“IBM does not need to antagonise the inevitable, unlike Microsoft.”IBM is very much focused on solutions which include services, hardware and systems architecture. Software is just one component among many, so IBM can afford to embrace GNU/Linux with patent concessions. IBM does not need to antagonise the inevitable, unlike Microsoft.
There is an ongoing argument over at LXer. It’s about whether Microsoft is just barking forever and will therefore never bite Free software with lawsuits. In reality, Microsoft can use a Sisvel-like proxy [1, 2, 3, 4, 5, 6] and we already saw Acacia assaulting Red Hat and Novell just 8 days after had hired a Microsoft general manager (of intellectual monopolies) to join its top ranks [1, 2, 3, 4, 5, 6, 7, 8, 9, 10, 11]. We don’t know if it was just a coincidence, but it also coincided with threats from Steve Ballmer.
This post is not about creating a scare. It’s about analysing reality before (or in case) it strikes. If a company threatens GNU/Linux and someone reports the impact of it, that’s not intimidation. It’s an understanding of a threat, which can then be squashed. Knowledge is power. Ignorance is bliss, but only in the short term.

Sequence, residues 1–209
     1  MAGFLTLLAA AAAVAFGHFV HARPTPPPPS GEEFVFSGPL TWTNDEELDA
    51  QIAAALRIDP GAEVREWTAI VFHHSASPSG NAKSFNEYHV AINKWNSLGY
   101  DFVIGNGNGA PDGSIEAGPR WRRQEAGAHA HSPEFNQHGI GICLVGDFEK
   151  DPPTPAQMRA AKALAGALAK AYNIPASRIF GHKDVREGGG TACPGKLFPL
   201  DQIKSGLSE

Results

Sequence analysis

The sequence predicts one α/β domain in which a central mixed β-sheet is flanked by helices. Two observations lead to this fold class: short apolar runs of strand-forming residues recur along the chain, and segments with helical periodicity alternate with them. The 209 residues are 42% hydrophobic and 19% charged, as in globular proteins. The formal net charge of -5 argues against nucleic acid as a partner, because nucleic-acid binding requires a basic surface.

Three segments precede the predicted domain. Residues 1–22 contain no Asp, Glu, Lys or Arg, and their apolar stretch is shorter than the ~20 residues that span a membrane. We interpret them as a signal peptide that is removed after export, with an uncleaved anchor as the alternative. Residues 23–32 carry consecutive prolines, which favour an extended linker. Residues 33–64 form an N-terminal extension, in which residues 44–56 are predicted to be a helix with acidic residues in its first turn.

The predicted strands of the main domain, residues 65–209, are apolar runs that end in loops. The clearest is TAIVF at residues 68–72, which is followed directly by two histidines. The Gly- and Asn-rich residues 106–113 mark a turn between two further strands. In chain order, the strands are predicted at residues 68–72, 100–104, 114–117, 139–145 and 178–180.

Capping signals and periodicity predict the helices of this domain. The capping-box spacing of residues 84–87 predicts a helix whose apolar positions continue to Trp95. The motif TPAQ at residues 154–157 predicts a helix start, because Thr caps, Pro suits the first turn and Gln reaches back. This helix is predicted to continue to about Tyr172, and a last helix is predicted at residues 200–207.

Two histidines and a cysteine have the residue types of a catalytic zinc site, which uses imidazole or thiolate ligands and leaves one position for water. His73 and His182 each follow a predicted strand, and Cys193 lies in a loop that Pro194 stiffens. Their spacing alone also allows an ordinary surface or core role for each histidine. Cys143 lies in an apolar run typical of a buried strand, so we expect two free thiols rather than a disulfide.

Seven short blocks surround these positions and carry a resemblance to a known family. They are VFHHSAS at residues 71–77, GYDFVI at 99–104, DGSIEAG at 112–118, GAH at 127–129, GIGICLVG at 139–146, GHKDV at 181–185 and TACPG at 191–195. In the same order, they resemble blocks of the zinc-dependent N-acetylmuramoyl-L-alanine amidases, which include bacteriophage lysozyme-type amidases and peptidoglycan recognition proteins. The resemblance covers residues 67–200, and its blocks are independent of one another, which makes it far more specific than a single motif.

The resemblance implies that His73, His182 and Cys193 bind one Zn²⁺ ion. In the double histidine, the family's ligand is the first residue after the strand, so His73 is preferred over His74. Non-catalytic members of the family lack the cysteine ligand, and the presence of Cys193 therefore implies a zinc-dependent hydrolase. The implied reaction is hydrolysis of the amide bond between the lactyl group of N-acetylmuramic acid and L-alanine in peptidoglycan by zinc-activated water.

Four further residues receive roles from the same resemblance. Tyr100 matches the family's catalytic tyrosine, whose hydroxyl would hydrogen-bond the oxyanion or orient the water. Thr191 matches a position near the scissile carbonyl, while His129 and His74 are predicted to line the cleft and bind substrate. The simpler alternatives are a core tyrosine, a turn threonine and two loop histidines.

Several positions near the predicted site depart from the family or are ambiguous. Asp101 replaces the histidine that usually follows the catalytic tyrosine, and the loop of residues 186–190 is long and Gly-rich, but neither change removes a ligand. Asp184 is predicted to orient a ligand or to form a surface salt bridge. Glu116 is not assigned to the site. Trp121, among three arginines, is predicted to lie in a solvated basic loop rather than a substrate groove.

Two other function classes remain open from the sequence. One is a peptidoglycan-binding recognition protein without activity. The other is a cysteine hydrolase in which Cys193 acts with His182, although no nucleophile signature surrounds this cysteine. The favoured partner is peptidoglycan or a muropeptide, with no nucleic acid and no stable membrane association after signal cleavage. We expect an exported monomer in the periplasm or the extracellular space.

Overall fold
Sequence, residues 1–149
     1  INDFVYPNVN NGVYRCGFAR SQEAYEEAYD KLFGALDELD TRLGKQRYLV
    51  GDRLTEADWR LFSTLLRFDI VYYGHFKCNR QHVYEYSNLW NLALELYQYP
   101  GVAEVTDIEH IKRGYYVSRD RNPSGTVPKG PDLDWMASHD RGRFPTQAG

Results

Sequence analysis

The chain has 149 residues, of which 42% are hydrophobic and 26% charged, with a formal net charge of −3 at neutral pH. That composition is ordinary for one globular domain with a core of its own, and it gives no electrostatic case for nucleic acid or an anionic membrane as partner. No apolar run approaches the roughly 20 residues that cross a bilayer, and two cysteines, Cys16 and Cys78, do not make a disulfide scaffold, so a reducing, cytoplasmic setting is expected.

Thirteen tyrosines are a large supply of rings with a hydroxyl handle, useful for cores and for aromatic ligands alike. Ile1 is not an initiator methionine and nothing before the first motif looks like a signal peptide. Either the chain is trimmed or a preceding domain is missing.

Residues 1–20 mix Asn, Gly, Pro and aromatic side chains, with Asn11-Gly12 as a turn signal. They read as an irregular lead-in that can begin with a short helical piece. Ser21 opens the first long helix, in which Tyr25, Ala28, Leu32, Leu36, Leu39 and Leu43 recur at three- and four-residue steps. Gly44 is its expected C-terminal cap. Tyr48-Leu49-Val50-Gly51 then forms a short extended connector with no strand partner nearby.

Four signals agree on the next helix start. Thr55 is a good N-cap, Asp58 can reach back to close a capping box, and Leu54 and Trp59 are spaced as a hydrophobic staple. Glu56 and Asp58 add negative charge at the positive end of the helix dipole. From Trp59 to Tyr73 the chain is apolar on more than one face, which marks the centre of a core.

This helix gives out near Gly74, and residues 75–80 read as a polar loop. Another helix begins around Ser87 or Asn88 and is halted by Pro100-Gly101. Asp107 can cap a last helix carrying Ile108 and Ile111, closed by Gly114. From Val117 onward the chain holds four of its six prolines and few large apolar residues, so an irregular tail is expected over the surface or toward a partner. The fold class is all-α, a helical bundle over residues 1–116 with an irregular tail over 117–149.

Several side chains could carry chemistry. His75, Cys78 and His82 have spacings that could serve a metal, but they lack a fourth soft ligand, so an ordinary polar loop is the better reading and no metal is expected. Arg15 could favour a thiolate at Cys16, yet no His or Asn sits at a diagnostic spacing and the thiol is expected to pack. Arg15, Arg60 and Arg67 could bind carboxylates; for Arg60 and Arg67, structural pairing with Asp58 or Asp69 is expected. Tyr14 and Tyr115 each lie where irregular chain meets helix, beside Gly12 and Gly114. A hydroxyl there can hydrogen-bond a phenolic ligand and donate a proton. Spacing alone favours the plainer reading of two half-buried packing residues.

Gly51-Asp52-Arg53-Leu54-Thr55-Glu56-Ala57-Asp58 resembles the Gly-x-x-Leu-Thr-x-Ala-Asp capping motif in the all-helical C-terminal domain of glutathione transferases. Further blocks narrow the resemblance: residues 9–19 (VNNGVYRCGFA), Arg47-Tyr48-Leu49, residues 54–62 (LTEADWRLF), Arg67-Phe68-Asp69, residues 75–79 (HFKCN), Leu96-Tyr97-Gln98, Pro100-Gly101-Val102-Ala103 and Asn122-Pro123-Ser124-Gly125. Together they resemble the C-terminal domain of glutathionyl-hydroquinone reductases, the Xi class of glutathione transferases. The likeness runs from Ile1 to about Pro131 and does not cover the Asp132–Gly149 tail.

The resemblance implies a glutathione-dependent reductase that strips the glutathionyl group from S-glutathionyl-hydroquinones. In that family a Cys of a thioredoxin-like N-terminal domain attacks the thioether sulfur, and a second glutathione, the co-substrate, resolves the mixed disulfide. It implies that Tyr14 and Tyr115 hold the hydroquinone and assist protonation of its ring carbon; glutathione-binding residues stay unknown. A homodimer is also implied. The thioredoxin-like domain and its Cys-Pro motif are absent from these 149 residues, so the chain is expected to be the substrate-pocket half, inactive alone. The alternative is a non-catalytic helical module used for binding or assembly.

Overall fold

Under financial pressure [1, 2, 3, 4], Microsoft is more likely to act irrationally. Just watch this one from yesterday’s news:
In one of the most extraordinary days in Wall Street’s history, Merrill Lynch is near an 11th-hour deal with Bank of America to avert a deepening financial crisis while another storied securities firm, Lehman Brothers, hurtled toward liquidation, according to people briefed on the deal.
It’s hard to tell what Microsoft will do as it continues its eternal stagnation (it has gone on for years). According to Pamela Jones of Groklaw (context here): “I think it’s dangerous to let them [Microsoft] anywhere near anything that matters until they pledge not to sue FOSS over patent infringement. All they are doing now is taking notes, I believe, and I am confident it will use what it learns against the community when it feels like it. And I wish everyone would get a bit smarter, so we at Groklaw and the legal contingent of the FOSS community don’t have to fix the mess you make. Yes. Seriously. I would suggest treating Microsoft as if they were already suing you personally. Because I believe they will.”